*COVAX is a global alliance bringing together governments, global health organisations, manufacturers, scientists, the private sector, civil society and philanthropy, to provide innovative and equitable access to COVID-19 vaccines. This will ensure that individuals across the globe, regardless of financial or societal status, will have access to COVID-19 vaccines once available.

Disclaimer: Information courtesy of the National Department of Health (updated 08 June 2021)

WHY DO VACCINES MATTER?
Vaccines are an important part of stopping the spread of COVID-19 in the country. This is because they offer protection to an individual, by reducing their risk of infection or the severity of their symptoms, and also at a population level, referred to as *population-immunity. The vaccination programme is a priority in the fight to prevent the spread of COVID-19.

HAVE THESE VACCINES BEEN APPROVED FOR USE IN SOUTH AFRICA?
Yes. The South African Health Products Regulatory Authority (SAHPRA) approves vaccines for use in the country. SAHPRA assess the safety, efficacy and quality of vaccines and have committed to the expeditious evaluation of these vaccines through various mechanisms, that will shorten the timeframe it usually takes to approve a product.

WHO WILL MANAGE THE ROLLOUT OF THE VACCINE STRATEGY?
The Government will source, distribute and oversee the rollout of the vaccine. As the sole purchaser of vaccines, the Government will distribute it to provincial governments and the private sector.

HOW WILL THE VACCINES BE ROLLED OUT?
The vaccines will be rolled out in a three-phase approach, that begins with the most vulnerable in our population.
Phase 1: The country’s estimated 1.2 million frontline healthcare workers.
Phase 2:  persons over 60-years, persons in congregate settings,
Phase 3: The final phase will target remaining adults in the population.

The target is to vaccinate 67% of the population by the end of 2021, in order to achieve population-immunity.

WHAT IS THE PROCESS TO GET THE VACCINE?
A national register for COVID-19 vaccinations, the Electronic Vaccination Data System (EVDS), is based on a pre-vaccination registration and appointment system. All those vaccinated will be placed on a national register and provided with a vaccination card. A national rollout committee will oversee the vaccine implementation in both the public and private sectors.

HOW DOES EVDS WORK?
Individuals have to register on the system to get an appointment. Those who qualify will be sent a notification through SMS, with a unique code, informing them of the time and place where their injection will be administered. Individuals will have to present their unique code (received through SMS), their original ID document, valid drivers license, passport or affidavit at the vaccination site. As part of this monitoring system, there are plans to send reminders for follow-up appointments (to receive the 2nd dose).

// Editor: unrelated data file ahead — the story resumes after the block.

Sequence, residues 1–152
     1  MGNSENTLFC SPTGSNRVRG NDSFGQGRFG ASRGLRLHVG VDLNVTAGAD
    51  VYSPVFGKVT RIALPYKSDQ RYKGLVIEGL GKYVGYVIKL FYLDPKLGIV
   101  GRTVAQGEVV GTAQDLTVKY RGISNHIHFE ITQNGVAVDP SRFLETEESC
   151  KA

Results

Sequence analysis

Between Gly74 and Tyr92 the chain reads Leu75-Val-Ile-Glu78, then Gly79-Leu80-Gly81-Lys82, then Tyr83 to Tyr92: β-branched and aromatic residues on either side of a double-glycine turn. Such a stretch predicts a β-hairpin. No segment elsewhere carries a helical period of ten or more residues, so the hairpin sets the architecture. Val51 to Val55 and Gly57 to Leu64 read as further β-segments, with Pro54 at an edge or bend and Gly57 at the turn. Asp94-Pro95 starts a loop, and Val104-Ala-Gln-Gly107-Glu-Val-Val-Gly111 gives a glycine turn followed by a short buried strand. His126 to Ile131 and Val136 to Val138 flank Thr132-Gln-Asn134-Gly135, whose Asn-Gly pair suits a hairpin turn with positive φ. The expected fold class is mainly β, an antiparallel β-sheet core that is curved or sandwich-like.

HOW WILL SOUTH AFRICA GET THE VACCINES TO ITS PEOPLE?
The vaccine will be delivered using three platforms:
Vaccination centres, work-based programmes and outreach-based programmes

DO INDIVIDUALS HAVE TO PAY FOR THE VACCINE?
For insured individuals, funding will be derived from their medical schemes (not their medical savings accounts) and administered for free at the point of service. Uninsured individuals will be funded by Government and the vaccination will be free at the point of service.

WILL COVID-19 VACCINES PROVIDE LONG-TERM PROTECTION?
Presently it is too early to know if COVID-19 vaccines will provide long-term disease protection, as additional research needs to be conducted. However, the data available suggests that most individuals who recover from COVID-19 develop an immune response that provides some period of protection against reinfection. How strong this protection is and how long it lasts, is not yet clear.

HOW QUICKLY COULD COVID-19 VACCINES STOP THE PANDEMIC?
Several factors will determine the impact of vaccines on the COVID-19 pandemic. These factors include the effectiveness of the vaccines; how quickly they are approved, manufactured, and delivered; and how many individuals are vaccinated. The vaccines are likely to prevent large outbreaks once two thirds of the population (approximately 40million people) are immune which will take many months to achieve.

*Population-immunity – Infectious diseases spread easily and entire communities can rapidly become infected. If a high percentage of the community is vaccinated, it is difficult for the disease to spread. This is known as ‘herd immunity’ and is especially crucial for those most vulnerable, who are unable to receive certain vaccines.